In their follow-up study, Suzuki and Nishida et al. reported the effectiveness of the DNA vector-based RNAi technique in vitro for a prolonged RNAi effect. Furthermore, they demonstrated the simple unmodiﬁed siRNA-mediated RNAi effect in intervertebral discs in vivo (rat coccygeal discs) resulted in a prolonged period of up to 24 weeks (168 days). Additionally, this study demonstrated long-term down-regulation is possible not only for the exogenous reporter gene, but also for the endogenous gene (Fas ligand) expression in rat discs in vivo. As a result of the prolonged silencing effect after a single intradiscal transduction of unmodiﬁed siRNA, this gene delivery method is suitable as a local therapy for disc degeneration and associated disorders by down-regulating some harmful genes for the normal physiology of the disc, which may cause disc degeneration. (Figure 4)
More recently, Sudo and Minami reported successful RNAi in the degenerative process of the disc by down regulating Apotosis related factor caspase 3 (Sudo & Minami, 2011). In their report, they investigated the effects of siRNA targeting caspase 3 on rabbit nucleus pulposus (NP) cells in vitro. The researchers concluded that these findings indicated caspase 3 knockdown in intervertebral disc cells is effective in preventing apoptotic cell death, and thus could regulate intervertebral disc degeneration.
The gene therapy approach for the degenerated disc initially used a viral vector to transfer genes to stimulate important matrix synthesis for the disc such as proteoglycan. However, due to problems associated with a virus vector, a non-virus mediated gene transfer technique has been explored while the development of more sophisticated virus vectors remain a subject of investigation.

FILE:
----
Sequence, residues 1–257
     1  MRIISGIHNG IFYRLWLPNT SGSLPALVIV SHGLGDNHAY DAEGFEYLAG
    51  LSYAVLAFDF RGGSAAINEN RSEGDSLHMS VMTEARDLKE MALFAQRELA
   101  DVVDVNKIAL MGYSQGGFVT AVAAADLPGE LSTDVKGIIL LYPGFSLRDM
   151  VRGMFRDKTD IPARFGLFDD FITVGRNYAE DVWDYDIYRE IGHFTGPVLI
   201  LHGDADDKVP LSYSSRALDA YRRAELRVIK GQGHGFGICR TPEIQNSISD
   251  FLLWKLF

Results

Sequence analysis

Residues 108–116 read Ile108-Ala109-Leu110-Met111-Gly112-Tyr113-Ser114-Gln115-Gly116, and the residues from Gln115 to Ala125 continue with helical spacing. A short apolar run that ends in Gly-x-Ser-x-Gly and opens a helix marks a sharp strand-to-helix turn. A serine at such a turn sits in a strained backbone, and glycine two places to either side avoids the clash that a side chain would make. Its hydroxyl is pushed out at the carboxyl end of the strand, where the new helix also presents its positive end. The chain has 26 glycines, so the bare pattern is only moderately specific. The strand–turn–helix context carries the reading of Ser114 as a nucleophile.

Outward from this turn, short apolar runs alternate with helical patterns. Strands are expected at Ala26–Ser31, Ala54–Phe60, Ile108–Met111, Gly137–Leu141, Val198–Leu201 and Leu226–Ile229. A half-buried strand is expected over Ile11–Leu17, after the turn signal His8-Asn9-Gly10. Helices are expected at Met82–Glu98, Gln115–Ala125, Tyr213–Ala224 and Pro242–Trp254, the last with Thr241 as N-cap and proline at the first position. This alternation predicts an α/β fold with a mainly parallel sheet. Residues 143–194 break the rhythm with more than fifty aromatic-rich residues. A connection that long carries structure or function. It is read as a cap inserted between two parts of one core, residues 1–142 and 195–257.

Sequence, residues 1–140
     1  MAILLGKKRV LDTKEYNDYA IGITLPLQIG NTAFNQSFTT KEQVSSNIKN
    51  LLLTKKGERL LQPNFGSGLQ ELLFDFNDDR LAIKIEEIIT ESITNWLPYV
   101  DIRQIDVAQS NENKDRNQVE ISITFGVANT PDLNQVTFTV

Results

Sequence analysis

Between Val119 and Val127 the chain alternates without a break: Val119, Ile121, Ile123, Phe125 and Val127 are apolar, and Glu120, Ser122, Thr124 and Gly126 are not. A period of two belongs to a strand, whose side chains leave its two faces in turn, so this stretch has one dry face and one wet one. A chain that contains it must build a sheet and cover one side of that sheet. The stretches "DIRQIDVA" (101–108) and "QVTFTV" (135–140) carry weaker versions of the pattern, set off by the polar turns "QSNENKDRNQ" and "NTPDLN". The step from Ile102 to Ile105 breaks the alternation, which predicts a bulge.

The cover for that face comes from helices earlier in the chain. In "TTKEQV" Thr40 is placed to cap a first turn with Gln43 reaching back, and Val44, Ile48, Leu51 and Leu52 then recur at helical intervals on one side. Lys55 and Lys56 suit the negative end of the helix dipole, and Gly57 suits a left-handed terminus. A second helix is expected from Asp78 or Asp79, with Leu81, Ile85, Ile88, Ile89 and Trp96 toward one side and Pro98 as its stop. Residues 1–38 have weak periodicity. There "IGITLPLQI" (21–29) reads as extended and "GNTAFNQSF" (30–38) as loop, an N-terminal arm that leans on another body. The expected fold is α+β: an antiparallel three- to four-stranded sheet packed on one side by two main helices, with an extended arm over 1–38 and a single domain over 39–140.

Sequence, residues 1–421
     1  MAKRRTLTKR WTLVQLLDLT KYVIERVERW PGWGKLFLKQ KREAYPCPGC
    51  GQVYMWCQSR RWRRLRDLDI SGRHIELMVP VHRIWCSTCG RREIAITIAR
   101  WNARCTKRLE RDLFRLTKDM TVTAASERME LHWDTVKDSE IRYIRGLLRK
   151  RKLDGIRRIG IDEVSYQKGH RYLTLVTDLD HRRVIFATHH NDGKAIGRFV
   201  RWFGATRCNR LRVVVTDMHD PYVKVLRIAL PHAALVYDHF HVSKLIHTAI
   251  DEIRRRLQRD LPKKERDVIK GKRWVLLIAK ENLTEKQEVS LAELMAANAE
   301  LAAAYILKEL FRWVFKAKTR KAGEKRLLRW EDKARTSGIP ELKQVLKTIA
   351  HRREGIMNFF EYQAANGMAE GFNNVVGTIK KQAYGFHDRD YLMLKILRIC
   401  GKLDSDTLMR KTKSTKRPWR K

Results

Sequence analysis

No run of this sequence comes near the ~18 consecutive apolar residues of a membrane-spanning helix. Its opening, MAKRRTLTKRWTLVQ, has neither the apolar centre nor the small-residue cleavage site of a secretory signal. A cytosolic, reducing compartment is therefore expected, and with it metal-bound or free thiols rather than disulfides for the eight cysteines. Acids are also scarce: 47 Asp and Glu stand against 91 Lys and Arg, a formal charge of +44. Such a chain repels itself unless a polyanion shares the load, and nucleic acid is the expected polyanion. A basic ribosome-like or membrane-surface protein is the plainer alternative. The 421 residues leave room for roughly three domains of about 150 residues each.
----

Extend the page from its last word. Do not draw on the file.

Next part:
The difficulties of disc regeneration using a biological approach originate from the unique anatomical and physiological character of the disc. However, if we disregard these specific properties and the associated limitations of the disc, there may be little chance for successful regeneration. The successful treatment strategy for osteoporosis patients suggests us that the down-regulation of catabolic factors may be a more suitable strategy especially for organs/tissues with low cell metabolism and extensive extra-cellular matrix including bone or interverteral disc. As such, RNAi has been applied to the disc to down-regulate catabolic factors in the disc and correct imbalance between anabolic and catabolic factors with minimal nutrition requirements. This kind of approach would focus more on prophylactic treatment of disc degeneration. However, the potential exists for it to become a regenerative treatment over an extended period.
There are many issues to be overcome before the clinical use of RNAi can be permitted in patients suffering from degenerated discs and associated diseases. However, the demonstration that siRNA transfected by a nonvirus-mediated method can effectively inhibit specific gene expression in nucleus pulposus cells in vivo for an extended period lead the way for the exploration of siRNA as a novel strategy in gene therapy for the treatment of disc degeneration and associated diseases.
The authors thank Mrs. Tubby for their help in preparing the manuscript. Partial of this work was supported by Grant-in-Aid for Scientiﬁc Research (B) (19300184 and 21300189) from the Ministry of Education, Culture, Sports, Science and Technology of Japan.